In Nobody Wants a Million Dollars, Dan Holt poses a theory we don’t often hear from anyone—he doesn’t want a million dollars! Could you guess by the title of the book? When I first read the title, I thought it could be an interesting twist on the normal desire to have buckets of money. After reading the introduction, I quickly realized Holt’s thinking behind his title.
Holt shared a story about a couple who made a direct decision to accumulate $1,000,000 in as soon as possible. When this couple made accumulating a million dollars their primary goal in life, they put other things on hold: home-ownership, the big screen TV, and even a family. Holt makes the point that if you drive hard enough and choose a different lifestyle, any one can accumulate a million dollars. I would totally agree! If you put your mind to it anyone could obtain a million dollars. In this day and age it really isn’t that hard. The question Holt asks is what’s more important. Watching your bank account grow to seven-figures, or living a more comfortable lifestyle with a family and a nice home?
Live within your means – comfortably
Holt quickly starts the book off by sharing some basic concepts of living within your means, but living comfortably. What he means is a lifestyle where you take on the debt of having children and being a home owner. These debts can suck your money dry, but it’s the lifestyle Holt chose for himself and discusses how most people would rather be happy than rich. Now that doesn’t mean he wouldn’t accept a million dollar check, but Holt will not make it a life goal to obtain a million dollars.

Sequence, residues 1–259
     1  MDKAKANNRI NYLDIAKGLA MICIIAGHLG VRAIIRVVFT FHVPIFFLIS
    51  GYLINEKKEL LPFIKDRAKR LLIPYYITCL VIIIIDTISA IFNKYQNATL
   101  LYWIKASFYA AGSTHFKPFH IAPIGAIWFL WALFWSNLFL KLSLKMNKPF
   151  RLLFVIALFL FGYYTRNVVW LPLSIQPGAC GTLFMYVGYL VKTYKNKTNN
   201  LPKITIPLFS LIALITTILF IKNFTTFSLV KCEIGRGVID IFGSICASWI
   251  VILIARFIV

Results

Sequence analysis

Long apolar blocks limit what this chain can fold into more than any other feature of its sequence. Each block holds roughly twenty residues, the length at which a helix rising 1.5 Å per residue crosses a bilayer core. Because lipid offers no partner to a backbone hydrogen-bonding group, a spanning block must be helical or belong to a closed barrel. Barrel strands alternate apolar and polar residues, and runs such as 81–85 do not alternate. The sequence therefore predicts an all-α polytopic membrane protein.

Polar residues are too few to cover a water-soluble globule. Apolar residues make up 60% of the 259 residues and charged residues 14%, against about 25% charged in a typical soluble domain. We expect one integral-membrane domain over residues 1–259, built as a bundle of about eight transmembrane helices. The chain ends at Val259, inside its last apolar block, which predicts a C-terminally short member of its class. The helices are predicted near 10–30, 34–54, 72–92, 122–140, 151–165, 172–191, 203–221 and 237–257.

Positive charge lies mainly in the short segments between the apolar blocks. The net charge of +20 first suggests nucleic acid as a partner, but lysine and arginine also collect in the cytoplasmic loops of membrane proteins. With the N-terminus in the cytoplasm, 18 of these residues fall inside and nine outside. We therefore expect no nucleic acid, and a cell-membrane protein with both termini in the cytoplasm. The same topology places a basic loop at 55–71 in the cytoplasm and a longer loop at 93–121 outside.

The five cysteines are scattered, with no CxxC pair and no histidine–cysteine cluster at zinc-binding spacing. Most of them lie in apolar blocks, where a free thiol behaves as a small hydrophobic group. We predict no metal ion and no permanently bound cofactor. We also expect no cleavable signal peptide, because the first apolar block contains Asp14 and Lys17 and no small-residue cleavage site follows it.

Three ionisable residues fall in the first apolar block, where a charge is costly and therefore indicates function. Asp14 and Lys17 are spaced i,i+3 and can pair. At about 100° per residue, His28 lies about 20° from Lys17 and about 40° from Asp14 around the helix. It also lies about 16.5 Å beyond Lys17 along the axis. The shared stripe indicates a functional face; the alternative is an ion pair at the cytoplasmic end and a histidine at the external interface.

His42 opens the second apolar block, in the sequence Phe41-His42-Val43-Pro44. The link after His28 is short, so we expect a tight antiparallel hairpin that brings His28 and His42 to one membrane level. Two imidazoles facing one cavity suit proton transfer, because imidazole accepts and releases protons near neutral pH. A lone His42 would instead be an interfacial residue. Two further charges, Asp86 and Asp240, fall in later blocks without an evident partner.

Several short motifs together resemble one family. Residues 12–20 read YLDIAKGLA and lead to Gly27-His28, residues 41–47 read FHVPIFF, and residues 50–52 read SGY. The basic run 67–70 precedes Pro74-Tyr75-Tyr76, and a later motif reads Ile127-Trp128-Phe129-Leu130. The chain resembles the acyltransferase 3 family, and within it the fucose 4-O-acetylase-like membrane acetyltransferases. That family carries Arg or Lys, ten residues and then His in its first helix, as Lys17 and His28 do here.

I enjoyed the first part of the book with the personal stories and testimonies of how Holt changed some areas in his life where he learned not to lust for a million dollars. There are some basic concepts for setting a budget, getting out of debt, and other financial tools sprinkled throughout the book. I didn’t see much new insight into these areas—especially if you listen to or have read anything by Dave Ramsey, who Holt mentions several times. There are some great stories of investing your money wisely to help for things down there road including college, buying a home, saving for retirement, and a nice section on living in retirement.
My favorite parts about this book were the great stories which really helped drive Holt’s point across. Maybe that’s because I’m a sucker for stories and really get excited when I see other people succeed, but still a great tool! In almost every section, Holt tells a story of how easily you could succeed if you showed some self-control!
Overall, Holt did a great job making some complex topics easy to understand. The stories made the book easy and enjoyable to read, while covering some great topics and helping us understand “money is tool, not a goal.”
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